Humans have five basic levels of "need" to survive (click the picture for an explanation of each level). The extremely basic: once you satisfy the needs of one level, you can properly go up. But, for example, if you are meeting the love and belonging level, but are no longer meeting safety needs, you drop down and have to meet that level all over again. Simple, right?

Now, it has always made sense that people that have no food or shelter or air (the first level) need that first and foremost before self-actualization and thinking of purpose (the highest level). I mean, you can die without food, but you can't die without a sense of purpose or motivation.


No...it's wrong. It's all wrong.
This country has flipped everything I thought to be true upside down.

I have met and talked with some of the poorest (economically so) people I've ever seen or heard of. These are people who have little more than a straw hut, half destroyed by the rainy season, and the other half sliding in the river that is so polluted and brown and oily that it's a color you never knew existed on the color spectrum. These people eek by, barely making enough to survive day to day (the income disparity is very much a big thing here, whether people want to admit it or not [usually not]). These people perfectly showcase Maslow's theory. They need food and shelter or they will die. Everyday, every hour. It's that serious. I mean, come on, self esteem? Who needs that when you don't know when your next meal is!

But, here's the thing, and I've seen it time and time again. These people fight for food and survival every single day, yet every single day they put out food 
and drink in front of Buddha as a blessing. Quite simply, they first give instead of take.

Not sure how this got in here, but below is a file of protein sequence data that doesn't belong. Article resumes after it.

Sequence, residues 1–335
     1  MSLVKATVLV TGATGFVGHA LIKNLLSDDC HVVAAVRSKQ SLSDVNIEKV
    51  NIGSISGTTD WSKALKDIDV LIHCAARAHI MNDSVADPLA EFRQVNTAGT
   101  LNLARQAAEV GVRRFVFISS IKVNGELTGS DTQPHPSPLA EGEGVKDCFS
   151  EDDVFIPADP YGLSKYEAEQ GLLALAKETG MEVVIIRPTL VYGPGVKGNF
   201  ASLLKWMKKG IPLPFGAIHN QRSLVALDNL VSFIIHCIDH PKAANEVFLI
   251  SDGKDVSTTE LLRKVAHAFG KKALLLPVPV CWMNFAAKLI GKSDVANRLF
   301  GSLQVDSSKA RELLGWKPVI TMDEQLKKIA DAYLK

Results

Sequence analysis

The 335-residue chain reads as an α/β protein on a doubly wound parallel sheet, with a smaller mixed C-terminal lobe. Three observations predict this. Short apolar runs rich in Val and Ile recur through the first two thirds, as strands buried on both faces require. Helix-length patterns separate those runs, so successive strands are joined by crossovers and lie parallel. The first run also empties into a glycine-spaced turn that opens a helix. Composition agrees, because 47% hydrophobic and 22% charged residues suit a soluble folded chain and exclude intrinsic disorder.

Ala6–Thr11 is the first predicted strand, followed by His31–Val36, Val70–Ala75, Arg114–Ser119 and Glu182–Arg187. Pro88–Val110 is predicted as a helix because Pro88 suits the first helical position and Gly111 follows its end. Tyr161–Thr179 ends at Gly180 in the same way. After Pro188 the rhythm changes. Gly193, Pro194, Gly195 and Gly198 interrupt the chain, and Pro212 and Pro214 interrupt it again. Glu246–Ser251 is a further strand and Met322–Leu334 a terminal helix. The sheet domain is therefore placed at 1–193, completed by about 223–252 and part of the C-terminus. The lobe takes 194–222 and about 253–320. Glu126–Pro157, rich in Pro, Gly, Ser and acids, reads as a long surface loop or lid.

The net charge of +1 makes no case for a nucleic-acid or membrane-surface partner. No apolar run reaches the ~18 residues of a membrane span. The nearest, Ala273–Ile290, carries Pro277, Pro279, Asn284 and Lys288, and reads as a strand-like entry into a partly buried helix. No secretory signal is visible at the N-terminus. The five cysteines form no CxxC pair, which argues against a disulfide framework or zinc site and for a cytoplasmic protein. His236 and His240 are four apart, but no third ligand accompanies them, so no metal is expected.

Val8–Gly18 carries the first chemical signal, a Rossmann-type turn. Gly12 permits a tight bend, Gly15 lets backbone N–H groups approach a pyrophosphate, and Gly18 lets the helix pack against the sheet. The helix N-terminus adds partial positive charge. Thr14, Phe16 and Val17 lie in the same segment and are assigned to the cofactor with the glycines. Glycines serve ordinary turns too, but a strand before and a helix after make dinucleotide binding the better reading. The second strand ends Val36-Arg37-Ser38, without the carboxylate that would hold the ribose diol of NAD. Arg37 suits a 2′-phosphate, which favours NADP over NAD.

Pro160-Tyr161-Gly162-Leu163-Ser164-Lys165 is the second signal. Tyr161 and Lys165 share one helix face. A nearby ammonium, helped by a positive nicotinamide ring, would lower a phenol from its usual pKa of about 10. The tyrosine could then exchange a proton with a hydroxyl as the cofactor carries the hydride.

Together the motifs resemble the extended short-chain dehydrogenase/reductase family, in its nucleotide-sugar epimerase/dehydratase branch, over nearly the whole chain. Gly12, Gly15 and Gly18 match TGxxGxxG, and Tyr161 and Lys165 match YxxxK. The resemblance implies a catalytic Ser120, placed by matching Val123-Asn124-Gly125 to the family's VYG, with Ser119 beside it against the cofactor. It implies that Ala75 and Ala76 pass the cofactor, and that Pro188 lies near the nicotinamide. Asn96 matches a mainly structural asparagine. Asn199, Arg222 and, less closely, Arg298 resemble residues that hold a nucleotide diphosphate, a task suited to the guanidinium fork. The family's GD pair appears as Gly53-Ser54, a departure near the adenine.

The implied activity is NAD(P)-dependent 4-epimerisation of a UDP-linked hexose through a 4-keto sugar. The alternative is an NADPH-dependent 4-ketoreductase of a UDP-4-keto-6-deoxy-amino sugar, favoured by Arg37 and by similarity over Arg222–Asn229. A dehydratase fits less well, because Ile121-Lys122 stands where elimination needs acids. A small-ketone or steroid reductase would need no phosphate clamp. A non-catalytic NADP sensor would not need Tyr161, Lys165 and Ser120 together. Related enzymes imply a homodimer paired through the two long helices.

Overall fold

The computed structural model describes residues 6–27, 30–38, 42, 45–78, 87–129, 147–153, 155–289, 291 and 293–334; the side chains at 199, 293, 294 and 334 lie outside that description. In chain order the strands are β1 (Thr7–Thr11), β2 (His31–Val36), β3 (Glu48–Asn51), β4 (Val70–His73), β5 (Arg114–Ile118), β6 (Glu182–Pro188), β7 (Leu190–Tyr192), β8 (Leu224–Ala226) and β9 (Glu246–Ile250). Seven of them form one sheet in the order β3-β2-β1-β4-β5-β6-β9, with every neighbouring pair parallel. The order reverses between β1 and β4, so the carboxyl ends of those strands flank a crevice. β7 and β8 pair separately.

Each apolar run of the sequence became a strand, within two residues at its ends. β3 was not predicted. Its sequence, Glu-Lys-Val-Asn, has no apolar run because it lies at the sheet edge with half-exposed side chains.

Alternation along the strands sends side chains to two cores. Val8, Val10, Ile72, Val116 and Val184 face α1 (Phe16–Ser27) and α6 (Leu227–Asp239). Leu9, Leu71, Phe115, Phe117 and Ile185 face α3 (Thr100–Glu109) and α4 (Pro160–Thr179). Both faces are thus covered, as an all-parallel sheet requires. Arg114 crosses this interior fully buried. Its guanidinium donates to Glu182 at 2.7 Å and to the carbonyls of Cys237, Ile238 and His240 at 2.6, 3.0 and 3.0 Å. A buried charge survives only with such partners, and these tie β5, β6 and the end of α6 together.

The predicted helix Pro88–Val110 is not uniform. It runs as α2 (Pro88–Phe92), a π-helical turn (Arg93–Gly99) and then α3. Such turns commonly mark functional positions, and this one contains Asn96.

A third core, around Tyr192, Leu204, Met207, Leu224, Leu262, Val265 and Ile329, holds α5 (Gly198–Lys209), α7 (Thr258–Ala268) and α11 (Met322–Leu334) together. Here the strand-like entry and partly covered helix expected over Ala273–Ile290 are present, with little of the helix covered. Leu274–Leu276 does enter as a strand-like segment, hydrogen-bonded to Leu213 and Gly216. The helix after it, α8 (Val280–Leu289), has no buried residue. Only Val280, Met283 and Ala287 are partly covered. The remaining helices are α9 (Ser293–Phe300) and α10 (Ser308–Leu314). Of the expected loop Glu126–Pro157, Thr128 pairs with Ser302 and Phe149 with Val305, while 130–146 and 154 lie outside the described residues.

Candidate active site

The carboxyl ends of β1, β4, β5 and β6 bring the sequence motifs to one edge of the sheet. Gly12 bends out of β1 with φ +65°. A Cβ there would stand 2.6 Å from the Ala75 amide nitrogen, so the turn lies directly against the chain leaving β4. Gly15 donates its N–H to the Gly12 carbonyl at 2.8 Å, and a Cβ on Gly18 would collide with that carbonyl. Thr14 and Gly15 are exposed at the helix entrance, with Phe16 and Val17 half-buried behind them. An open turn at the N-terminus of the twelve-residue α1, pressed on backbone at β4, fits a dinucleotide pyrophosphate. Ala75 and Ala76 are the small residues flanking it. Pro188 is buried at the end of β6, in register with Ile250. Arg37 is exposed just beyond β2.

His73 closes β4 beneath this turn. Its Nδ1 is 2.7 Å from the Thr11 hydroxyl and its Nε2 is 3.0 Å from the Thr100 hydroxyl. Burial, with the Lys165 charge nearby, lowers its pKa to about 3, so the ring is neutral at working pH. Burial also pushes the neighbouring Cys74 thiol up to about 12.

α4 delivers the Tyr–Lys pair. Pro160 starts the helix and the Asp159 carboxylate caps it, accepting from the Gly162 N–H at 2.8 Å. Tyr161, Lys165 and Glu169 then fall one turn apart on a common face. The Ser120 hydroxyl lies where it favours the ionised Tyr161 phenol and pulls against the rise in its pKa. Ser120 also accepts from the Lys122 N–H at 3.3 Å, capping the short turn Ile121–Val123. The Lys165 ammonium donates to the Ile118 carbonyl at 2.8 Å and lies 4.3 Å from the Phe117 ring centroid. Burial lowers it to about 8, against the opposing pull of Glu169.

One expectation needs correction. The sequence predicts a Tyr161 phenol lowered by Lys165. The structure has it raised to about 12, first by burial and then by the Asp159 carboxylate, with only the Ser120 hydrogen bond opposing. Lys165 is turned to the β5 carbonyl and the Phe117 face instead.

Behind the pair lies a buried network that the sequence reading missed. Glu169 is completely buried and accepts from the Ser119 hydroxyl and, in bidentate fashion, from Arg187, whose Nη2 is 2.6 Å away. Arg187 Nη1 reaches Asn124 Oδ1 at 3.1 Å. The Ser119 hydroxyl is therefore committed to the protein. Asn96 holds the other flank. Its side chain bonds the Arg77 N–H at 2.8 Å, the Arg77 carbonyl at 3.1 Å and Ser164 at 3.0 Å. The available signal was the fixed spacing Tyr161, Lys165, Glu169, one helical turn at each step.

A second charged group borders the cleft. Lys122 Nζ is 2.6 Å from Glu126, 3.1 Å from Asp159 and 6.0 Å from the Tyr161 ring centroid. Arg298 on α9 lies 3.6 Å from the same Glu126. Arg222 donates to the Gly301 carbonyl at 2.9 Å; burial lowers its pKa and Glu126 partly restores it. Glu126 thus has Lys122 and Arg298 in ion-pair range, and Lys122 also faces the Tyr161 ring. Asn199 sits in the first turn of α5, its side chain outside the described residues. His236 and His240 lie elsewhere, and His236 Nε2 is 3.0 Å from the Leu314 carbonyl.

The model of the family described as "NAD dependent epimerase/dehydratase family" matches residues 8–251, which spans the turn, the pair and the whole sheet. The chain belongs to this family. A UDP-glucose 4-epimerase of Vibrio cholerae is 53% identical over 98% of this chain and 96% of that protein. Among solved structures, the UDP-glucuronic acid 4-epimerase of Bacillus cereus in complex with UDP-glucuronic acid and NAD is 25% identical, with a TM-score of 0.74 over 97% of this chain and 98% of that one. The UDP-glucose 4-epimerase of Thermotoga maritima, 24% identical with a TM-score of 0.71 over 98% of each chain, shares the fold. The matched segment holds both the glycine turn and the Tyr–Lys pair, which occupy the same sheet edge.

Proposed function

Maslow thought you needed food first and meaning later on, but maybe that's horribly wrong. Maybe what people need is a meaning to life first (or at the same time as the first level). Maybe even a meaning to everything before taking another breath.

Think about it (seriously, think about why you do these things). Why get the food? Why build the shelter? Why suck in the air? What's the point? Really, what is it? Okay, so you die if you don't, so what? If all of this - life - has no purpose, then it's all meaningless - everything becomes a means to no end. So, maybe the meaning of life should be first or at least equal to the basic life needs, because without that, everything else on the pyramid is useless and pointless. 

These people have nothing, yet they still give. They make meaning of their breathing, their suffering, their searching, and their life. Purpose drives it all.

And so I'm beginning to believe that Maslow was wrong. This culture know is more than most.

Edit - This isn't to say that I romanticize any of this. Not one bit. These people deserve better, as almost all of them will never escape this poverty for countless reasons (including the government thinking that "meaning is enough", which it certainly is not). It's tough to see. You fight to live and to hope and Camus would say this may be meaning enough - the food and shelter and social services these people DESERVE is another matter that needs to be discussed as well. But really, the meaning is up to you, friends.